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PART IV K M System Tools and Portals
THE INTEGRATION OF DM AND KM
Knowledge management and data mining devel-
oped independently of each other, and their rela-
tionship has not yet been fully recognized, much
less exploited. Born of the understanding that
knowledge is one —if not the most —im portant
asset of an organization, both knowledge manage-
ment (KM) and data mining (DM) grew and
flourished at the convergence of information tech-
nologies (machine learning, knowledge-based sys-
tems, databases), statistics and data analysis, and
the business and management sciences.
KM and DM embody distinct if not opposite
perspectives on different knowledge-related issues.
One is knowledge capture in the broadest sense
of the term. The KM community has traditionally
focused on knowledge acquisition from humans,
either directly (through manual ontology con-
struction, expert interviews, and authoring tools) or
indirectly, as when human know-how is mimicked
y a program that observes a human expert in
action (such as learning apprentices or program-
ming by demonstration).
In data mining, databases and data ware-
houses are the ultimate sources from which knowl-
edge is extracted. Machine learning emerged pre-
cisely as a way of alleviating difficulties raised by
knowledge elicitation from humans. In addition,
the exponential growth of process-generated data
has spurred the development for more scalable—
hence, more thoroughly automated—ways of gen-
erating useful knowledge from data.
A second issue is knowledge refinement and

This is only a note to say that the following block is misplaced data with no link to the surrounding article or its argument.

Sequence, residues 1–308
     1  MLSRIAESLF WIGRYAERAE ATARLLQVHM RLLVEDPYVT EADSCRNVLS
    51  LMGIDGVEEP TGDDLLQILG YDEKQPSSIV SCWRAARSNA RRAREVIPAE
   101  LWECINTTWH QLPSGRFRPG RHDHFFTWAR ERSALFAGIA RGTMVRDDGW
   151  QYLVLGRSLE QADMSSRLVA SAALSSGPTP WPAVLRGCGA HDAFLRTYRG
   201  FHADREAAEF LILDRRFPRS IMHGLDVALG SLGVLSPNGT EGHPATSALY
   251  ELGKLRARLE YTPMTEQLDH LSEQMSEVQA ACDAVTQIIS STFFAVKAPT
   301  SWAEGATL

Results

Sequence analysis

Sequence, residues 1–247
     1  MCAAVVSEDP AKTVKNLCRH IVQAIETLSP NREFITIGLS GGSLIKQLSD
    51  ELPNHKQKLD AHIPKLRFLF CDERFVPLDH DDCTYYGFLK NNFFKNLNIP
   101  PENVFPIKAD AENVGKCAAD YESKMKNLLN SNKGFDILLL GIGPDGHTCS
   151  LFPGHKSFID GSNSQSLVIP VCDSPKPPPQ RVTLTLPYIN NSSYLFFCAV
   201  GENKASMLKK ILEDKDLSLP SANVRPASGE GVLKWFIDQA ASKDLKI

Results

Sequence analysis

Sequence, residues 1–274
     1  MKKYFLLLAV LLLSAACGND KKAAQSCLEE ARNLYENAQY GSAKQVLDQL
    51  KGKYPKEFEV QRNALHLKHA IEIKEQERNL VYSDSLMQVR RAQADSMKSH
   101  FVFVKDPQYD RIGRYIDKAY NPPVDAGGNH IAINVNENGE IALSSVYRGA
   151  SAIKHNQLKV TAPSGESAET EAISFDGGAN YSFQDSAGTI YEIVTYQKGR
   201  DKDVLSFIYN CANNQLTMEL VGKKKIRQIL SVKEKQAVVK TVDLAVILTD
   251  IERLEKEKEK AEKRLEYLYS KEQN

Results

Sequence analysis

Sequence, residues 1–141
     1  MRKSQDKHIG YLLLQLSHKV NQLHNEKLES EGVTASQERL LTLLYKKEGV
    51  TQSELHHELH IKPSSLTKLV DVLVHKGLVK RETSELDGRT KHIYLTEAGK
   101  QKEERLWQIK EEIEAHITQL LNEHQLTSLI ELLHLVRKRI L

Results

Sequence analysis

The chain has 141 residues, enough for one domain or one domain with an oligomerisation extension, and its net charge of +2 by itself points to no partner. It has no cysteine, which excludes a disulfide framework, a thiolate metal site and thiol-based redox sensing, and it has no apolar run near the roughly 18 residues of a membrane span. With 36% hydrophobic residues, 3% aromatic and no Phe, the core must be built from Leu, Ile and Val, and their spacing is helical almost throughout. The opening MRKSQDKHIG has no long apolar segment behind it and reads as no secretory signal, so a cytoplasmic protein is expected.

revision. The typical KM approach is again manual:
The knowledge engineer readjusts domain ontolo-
gies, rewrites rules in collaboration with domain
experts, and so forth. Although DM research has
yielded a promising harvest of automated tech-
niques for knowledge revision and theory refine-
ment, these have been demonstrated on highly cir-
cumscribed domain theories and have yet to be
validated on medium and large-scale applications.
What is needed, then, is an integrative approach
that exploits synergies between knowledge man-
agement and data mining in order to monitor and
manage the full life cycle of knowledge—its capture
and discovery, representation, storage, retrieval,
revision or refinement, and reuse—in an organiza-
tion or community of practice.
SOURCE: First Conference on Integrating Data Mining and Knowledge Management, Geneva 2002.
Business intelligence (BI) is a global term for all processes, techniques, and tools
that support business decision making based on information technology. The
approaches can range from a simple spreadsheet to an advanced decision support sys-
tem. Data mining is a component of BI. Figure 12.2 shows the positioning of different
BI technologies used at different levels of m anagement and for different purposes,
including tactical, operational, and strategic decisions.
■ ■■» Business Drivers
There are many reasons why data mining has grown substantially in the last few years.
Competition. Successfully competing in today’s economy requires an understand-
ing of customer needs and behavior, and a great flexibility to respond to market
demands and competitors’ challenges. To achieve this, data must be transformed